The Alan Katz Health Care Reform Blog

Health Care Reform From One Person's Perspective

The Great Health Care Reform Coalition of 2007 — Maybe

Posted by Alan on September 16, 2007


Governor Arnold Schwarzenegger and Speaker Fabien Nunez held a press conference on Friday (September 14th) in support of comprehensive health care reform (a video of the complete press conference can be viewed at the Governor’s web site). They were joined by a diverse group of stakeholders, something the Governor gladly pointed out. “When we started down this road last December, everyone said health care was too complicated to fix. They said we could never unite all the interests groups with a stake in the issue. but look who is standing with us today — groups that were against us and against each other when I stood here last December are now standing together for reform.”

It was an impressively broad and substantial group of leaders:
• Lloyd Dean, president and CEO, Catholic Healthcare West
• Annelle Grajeda, president, SEIU Local 721
• Renee Fraser, past president, National Association of Women Business Owners – Los Angeles
• Dr. Richard Frankenstein, president elect, California Medical Association
• Mario Molina, CEO, Molina Health Care
• Robert Warnagieris, Ed.D., executive council member, AARP
• Barry Arbuckle, chair-elect, California Hospital Association
• Diana Dooley, CEO, Children’s Hospital Association
• Richard Cordova, president and CEO, Children’s Hospital Los Angeles
• Don Crane, CEO, California Association of Physician Groups
• Theresa Brown, president, California Association for Nurse Practitioners
• Dr. David Feinberg, physician
• Liz Helms, founder, Chronic Care Coalition
• Debra Cherry, executive vice president, Alzheimer’s Association California Southland Chapter
• Erin Pak, CEO & executive director, Korean Health Education Information and Research
• Lupe Alonzo-Diaz, executive director, Latino Coalition for a Healthier CA
• Rose Yu, Allergy and Asthma Foundation of Southern CA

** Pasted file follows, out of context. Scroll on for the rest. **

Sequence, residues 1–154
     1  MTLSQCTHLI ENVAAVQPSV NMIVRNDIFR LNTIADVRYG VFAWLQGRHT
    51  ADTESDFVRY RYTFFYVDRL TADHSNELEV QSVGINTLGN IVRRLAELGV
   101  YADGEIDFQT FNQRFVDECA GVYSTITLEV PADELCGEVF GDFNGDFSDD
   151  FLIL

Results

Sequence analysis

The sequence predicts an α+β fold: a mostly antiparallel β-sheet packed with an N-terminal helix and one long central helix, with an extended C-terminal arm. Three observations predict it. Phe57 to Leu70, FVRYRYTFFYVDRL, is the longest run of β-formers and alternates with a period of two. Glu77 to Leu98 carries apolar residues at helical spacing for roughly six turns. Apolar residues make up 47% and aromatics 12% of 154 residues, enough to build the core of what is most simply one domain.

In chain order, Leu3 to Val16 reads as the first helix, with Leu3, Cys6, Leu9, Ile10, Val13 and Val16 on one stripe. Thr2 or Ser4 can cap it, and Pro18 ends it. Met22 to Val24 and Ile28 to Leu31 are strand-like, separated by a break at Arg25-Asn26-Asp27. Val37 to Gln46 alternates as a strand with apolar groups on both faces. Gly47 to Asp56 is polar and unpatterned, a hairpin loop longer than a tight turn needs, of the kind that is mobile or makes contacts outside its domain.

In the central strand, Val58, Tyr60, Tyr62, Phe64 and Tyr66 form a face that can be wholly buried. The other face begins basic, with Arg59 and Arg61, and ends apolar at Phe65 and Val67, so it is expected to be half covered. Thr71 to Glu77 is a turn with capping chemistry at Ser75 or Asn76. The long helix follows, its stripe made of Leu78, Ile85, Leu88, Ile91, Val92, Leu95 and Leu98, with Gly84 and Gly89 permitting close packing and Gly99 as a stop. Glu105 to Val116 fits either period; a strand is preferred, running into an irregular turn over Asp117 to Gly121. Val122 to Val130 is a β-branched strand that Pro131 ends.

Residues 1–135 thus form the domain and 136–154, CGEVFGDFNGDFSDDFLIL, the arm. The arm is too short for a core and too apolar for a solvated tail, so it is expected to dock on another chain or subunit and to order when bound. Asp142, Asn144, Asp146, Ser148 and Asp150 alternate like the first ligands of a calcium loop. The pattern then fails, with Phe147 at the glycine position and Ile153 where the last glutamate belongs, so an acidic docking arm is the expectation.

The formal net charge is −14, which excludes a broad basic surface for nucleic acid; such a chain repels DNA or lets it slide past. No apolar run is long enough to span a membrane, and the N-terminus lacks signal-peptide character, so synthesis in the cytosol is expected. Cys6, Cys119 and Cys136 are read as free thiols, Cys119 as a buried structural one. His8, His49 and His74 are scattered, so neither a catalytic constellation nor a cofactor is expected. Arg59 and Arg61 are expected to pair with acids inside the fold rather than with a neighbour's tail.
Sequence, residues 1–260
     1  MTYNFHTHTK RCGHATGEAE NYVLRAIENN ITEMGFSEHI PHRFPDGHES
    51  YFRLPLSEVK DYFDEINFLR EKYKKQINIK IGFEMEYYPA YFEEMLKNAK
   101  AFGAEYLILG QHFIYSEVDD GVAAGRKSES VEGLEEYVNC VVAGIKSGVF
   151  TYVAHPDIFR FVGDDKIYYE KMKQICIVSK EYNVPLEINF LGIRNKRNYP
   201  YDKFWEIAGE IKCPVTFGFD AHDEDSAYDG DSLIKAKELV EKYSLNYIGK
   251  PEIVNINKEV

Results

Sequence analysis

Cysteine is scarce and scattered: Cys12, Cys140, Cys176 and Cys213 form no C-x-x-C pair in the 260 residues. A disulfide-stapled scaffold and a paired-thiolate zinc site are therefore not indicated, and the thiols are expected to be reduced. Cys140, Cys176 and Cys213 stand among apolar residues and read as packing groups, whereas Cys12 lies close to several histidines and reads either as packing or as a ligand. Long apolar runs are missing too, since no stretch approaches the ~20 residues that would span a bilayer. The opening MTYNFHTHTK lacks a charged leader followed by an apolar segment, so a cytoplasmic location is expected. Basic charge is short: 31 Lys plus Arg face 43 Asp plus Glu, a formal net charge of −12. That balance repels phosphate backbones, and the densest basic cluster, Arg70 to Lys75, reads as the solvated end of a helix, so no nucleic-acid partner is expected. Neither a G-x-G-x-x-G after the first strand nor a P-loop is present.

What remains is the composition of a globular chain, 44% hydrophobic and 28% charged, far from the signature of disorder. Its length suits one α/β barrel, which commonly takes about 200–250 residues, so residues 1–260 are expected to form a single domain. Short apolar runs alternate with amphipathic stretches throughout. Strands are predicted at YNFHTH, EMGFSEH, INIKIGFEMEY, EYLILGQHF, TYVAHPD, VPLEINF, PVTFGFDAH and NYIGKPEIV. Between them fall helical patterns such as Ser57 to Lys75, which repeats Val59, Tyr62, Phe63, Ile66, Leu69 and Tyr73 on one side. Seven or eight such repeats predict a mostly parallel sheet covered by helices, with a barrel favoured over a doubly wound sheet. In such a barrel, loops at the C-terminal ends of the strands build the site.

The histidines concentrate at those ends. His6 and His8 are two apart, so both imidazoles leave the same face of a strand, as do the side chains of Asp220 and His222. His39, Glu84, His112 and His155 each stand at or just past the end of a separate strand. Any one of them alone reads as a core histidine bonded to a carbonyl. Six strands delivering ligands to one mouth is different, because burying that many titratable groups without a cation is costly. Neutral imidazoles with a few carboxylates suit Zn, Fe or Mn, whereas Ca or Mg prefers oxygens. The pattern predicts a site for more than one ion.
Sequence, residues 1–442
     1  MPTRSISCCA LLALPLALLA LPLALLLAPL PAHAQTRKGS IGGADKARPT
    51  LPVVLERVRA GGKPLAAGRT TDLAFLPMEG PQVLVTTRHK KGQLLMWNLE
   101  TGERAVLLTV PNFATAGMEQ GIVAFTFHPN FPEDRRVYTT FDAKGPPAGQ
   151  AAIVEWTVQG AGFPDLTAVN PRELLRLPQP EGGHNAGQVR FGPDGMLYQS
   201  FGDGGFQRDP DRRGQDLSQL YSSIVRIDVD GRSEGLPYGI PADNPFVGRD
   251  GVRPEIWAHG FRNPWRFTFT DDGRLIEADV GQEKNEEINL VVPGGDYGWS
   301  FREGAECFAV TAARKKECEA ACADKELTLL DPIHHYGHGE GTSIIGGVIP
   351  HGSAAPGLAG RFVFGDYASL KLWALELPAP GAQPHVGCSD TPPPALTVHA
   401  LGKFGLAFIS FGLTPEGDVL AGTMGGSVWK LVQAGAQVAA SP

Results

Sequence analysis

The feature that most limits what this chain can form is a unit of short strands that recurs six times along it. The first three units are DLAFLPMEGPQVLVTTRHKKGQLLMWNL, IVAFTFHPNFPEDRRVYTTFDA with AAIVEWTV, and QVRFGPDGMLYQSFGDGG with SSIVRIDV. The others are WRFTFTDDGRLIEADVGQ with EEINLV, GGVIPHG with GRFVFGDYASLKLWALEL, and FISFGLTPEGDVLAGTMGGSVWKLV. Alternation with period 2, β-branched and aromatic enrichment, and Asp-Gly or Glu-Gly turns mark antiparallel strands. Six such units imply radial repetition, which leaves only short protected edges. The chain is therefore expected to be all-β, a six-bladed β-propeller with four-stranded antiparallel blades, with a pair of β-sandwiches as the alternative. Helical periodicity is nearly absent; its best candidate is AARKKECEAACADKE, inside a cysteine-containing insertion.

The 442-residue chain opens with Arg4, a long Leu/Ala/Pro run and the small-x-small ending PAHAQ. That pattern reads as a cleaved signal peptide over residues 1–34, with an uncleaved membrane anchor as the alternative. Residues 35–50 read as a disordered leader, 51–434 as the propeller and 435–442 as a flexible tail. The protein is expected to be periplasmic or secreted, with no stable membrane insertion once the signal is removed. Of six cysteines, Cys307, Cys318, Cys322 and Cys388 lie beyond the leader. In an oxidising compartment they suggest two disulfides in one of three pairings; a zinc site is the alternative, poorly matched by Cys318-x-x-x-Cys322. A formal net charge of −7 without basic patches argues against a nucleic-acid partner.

• Bill Dombrowski, CEO, CA Retailers Association
• Laura Yamanaka, President, National Association of Women Business Owners – Los Angeles
• Blair C. Salisbury, California Restaurant Association Board Member and President CEO, El Cholo / Barn Burner BBQ / Dona Rosa
• Tyrone Freeman, president, United Long Term Care Workers Union
• Ben Chu, CEO, Kaiser Southern California
• Howard Kahn, CEO, L.A. Care Health Plan
• Karen Vigil, senior vice president and CEO, Blue Shield of California, Individual, Small Group and Government Business Unit
• Jay Gellert, National CEO, Health Net
• Dave Anderson, CEO, United Health Care, Southern California

The Governor described the group as “big supporters of our health care reform — of our proposals.” There are two interesting aspects to all this. First, as was acknowledged by Speaker Nunez, the group was supporting the effort for comprehensive health care reform without knowing what the final package looked like. This can be dangerous for both lawmakers and the endorsers. It also means the stakeholders standing behind the Governor were there primarily to show a shared commitment to passing meaningful health care reform during the upcoming special session.

Second, the gathering demonstrates the broad support available to the initiative likely to be required to fund whatever legislation comes out of the special session. And an initiative will be required. There is virtually no chance of getting the two-thirds vote of the Legislature required to pass new taxes and fees. So the only path available to the Governor, Speaker Nunez and Senate President Pro Tem Don Perata is to seek approval of the funding from the people.

Yet it’s always tough to get new taxes and fees passed. Especially substantial taxes and fees like those required to fund health care reform. Substantial taxes means substantial opposition. It will take a coalition like those at the press conference to overcome this opposition.

So the question is, how real is the coalition? Can it survive the reality of health care reform legislation? If it requires an individual mandate will the unions at the press conference still back it? If it requires a fee on doctors, will the California Medical Association stay onboard? If the legislation assures a death spiral in the individual marketplace, will the health plans in attendance still support the package?

There’s no way to know now, but time will tell. For the present, the participants at the press conference is a testament to the political strength of the Governor and the strong momentum behind comprehensive health care reform. That’s all, but as the special session draws nearer, it’s a good start.

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